W3C home > Mailing lists > Public > public-webapi@w3.org > May 2008

Re: XHR LC comments

From: Boris Zbarsky <bzbarsky@MIT.EDU>
Date: Sun, 18 May 2008 22:07:52 -0500
Message-ID: <4830EF08.4070009@mit.edu>
To: Bjoern Hoehrmann <derhoermi@gmx.net>
CC: "Web API WG (public)" <public-webapi@w3.org>

Bjoern Hoehrmann wrote:
>> Which you can, with a non-NS-aware XML parser.
> My point was that the XHR draft currently requires using a namespace-
> aware one

On the server side?  Can you point me to where it makes that requirement?

I'm not suggesting that the parser XHR uses for data it receives from the server 
be changed; I'm suggesting that the server should be able to use whatever XML 
parser it wishes.

>> The problem is that figuring out whether a DOM fragment can usefully
>> be serialized as a ns-wellformed string is a bit of a pain.
> Could you elaborate on this point? You need to serialize the document
> before starting to send it


> and you can rather easily check for ns-wf during serialization if you implement
> the serialization yourself

Perhaps.  This is less clear to me.  In particular, it's not that clear to me 
that its trivial to decide whether a given DOM has a ns-wellformed 
serialization.  Certainly there have been a number of past bugs in the Gecko 
serializer dealing with this aspect of things, and I wouldn't bet my life on 
there not being any now.

> Even if you cannot do it during serialization, the algorithm to do it on the
> document object is relatively simple aswell.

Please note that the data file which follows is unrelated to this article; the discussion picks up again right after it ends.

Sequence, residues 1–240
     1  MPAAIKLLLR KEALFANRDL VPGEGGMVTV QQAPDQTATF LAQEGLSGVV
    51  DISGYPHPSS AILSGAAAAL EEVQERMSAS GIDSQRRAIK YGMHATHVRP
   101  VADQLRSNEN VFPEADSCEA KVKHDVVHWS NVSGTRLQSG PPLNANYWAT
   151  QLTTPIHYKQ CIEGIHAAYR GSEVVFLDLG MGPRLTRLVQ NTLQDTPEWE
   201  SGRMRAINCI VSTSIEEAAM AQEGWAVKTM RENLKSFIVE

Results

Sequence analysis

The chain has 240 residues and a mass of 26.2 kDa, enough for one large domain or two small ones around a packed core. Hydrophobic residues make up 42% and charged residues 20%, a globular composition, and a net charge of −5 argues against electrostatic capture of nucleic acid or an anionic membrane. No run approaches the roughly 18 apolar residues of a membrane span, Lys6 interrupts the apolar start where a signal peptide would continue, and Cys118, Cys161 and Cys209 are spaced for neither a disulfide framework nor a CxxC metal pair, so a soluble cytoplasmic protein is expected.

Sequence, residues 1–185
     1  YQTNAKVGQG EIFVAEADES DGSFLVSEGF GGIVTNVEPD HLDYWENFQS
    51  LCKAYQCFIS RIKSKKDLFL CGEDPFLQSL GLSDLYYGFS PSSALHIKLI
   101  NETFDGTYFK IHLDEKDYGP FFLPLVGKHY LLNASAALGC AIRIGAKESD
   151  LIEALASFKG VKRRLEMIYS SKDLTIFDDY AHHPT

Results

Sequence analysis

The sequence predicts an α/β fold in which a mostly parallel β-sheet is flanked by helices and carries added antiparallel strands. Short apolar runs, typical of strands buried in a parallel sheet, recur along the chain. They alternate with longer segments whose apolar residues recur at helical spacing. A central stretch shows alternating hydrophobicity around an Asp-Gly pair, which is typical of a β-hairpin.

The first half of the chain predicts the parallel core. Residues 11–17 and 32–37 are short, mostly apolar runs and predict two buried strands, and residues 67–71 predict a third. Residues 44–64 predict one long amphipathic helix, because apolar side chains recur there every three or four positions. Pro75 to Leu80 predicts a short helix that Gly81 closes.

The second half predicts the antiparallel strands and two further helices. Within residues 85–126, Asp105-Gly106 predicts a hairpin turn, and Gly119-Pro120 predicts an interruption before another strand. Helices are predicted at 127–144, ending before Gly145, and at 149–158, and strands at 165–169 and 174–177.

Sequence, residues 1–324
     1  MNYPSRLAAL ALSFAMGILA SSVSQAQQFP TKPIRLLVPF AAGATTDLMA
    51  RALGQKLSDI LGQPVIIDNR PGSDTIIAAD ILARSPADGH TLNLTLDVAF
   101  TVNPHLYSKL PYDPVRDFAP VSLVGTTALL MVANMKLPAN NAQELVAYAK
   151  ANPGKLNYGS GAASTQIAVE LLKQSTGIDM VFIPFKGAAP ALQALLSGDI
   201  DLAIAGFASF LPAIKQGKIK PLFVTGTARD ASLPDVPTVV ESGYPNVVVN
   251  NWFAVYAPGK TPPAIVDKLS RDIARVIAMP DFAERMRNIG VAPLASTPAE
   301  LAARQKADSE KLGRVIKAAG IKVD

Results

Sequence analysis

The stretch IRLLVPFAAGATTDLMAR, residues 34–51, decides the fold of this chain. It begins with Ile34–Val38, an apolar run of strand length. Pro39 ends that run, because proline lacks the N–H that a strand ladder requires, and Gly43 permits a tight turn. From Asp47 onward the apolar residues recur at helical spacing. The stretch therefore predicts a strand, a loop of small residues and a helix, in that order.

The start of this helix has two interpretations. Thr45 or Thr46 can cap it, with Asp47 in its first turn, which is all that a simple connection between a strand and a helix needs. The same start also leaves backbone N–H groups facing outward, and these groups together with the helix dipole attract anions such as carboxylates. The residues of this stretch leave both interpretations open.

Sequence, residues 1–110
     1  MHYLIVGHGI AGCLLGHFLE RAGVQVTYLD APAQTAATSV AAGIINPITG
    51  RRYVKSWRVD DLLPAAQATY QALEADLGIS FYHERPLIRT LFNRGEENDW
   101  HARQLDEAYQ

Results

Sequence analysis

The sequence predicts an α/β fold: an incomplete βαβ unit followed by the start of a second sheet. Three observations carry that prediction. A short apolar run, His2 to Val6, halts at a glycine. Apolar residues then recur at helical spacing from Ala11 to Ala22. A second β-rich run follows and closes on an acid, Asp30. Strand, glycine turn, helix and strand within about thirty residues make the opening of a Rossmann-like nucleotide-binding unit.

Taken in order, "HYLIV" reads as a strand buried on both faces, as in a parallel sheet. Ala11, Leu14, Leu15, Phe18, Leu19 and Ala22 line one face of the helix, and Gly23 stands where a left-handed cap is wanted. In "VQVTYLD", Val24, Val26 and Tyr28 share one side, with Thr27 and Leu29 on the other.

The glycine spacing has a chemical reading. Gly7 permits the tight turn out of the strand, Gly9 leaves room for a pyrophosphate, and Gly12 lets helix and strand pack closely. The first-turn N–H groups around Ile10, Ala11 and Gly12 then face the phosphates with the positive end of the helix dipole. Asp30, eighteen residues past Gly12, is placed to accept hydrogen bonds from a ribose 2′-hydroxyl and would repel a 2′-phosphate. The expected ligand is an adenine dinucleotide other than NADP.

The concept of "namespace well-formed" applies to strings, not document objects, 
last I checked.  Though Firefox does prevent creation of attribute nodes with 
the prefix "xmlns" in random namespaces, so maybe I'm wrong about that.

In any case, let me give an example, as requested.

   var doc = document.implementation.createDocument("", "", null);
   var el = doc.createElementNS("ns1", "x:y");
   el.setAttributeNS("ns2", "x:z", "val");
   var xhr = new XMLHttpRequest();
   xhr.open("POST", "echo.cgi", false);

Here echo.cgi is the following CGI:


   print "Content-Type: text/plain\n\n";
   while (<>) {

Here are the results I see:

   Firefox 3rc1:

     <x:y xmlns:x="ns1" a0:z="val" xmlns:a0="ns2"/>

   Opera 9.25:

     <?xml version="1.0"?><x:y x:z="val" xmlns:x="ns1"/>

   Safari 3.1:

     <x:y x:z="val" />

Ignoring the Safari serialization, which is not in fact ns-wellformed no matter 
how you slice it, the other two are ns-wellformed XML.  Neither one roundtrips 
to quite the original document.  Which one is "correct" per the current spec? 
Or is it neither one?  Should an exception have been thrown in this case?  Why 
or why not?  If there shouldn't have been an exception in this case, how is a UA 
to determine that?

I'm not saying these are impossible things to define; just that they're far from 
obvious (as witness the three serializations above) and therefore perhaps need 
definition in this spec if we want interoperability.

Received on Monday, 19 May 2008 03:08:42 UTC

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